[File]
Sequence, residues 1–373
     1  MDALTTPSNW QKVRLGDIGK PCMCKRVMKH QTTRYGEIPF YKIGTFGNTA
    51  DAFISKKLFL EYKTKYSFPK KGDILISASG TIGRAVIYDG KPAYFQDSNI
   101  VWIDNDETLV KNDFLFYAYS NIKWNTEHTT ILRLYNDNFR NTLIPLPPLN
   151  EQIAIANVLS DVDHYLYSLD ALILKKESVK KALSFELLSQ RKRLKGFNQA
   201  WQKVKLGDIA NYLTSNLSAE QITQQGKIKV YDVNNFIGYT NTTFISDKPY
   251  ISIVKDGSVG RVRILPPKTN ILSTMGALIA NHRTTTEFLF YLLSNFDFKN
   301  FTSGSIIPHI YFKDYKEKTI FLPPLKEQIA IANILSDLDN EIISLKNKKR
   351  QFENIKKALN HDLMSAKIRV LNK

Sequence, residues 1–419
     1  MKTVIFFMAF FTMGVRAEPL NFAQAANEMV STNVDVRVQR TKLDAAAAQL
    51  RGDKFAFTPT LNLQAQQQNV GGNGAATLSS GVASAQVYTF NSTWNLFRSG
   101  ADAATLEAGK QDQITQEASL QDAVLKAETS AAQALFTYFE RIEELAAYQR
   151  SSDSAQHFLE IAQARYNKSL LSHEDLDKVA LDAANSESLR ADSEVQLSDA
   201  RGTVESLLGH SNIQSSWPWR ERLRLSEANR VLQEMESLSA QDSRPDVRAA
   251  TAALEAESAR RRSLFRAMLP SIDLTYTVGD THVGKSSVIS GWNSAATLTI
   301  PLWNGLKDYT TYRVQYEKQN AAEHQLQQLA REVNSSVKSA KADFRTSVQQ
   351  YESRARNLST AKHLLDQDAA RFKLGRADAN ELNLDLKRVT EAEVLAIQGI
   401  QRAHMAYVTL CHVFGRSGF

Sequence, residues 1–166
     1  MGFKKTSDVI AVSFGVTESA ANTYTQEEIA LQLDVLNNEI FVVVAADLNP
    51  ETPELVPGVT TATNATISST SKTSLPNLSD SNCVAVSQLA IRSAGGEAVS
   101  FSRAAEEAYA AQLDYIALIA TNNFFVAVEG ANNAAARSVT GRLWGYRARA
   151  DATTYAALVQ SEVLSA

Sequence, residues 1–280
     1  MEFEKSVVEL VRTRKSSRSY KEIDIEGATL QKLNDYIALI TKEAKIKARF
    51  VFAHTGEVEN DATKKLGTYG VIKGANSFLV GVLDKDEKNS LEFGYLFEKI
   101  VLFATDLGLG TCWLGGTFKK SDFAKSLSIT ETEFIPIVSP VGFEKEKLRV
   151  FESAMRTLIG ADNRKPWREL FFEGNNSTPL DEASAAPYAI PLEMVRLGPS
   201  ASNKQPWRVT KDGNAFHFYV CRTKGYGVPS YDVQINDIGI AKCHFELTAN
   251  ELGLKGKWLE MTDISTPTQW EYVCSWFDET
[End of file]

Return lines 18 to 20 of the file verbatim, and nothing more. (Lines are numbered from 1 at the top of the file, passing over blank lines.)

   351  YESRARNLST AKHLLDQDAA RFKLGRADAN ELNLDLKRVT EAEVLAIQGI
   401  QRAHMAYVTL CHVFGRSGF

Sequence, residues 1–166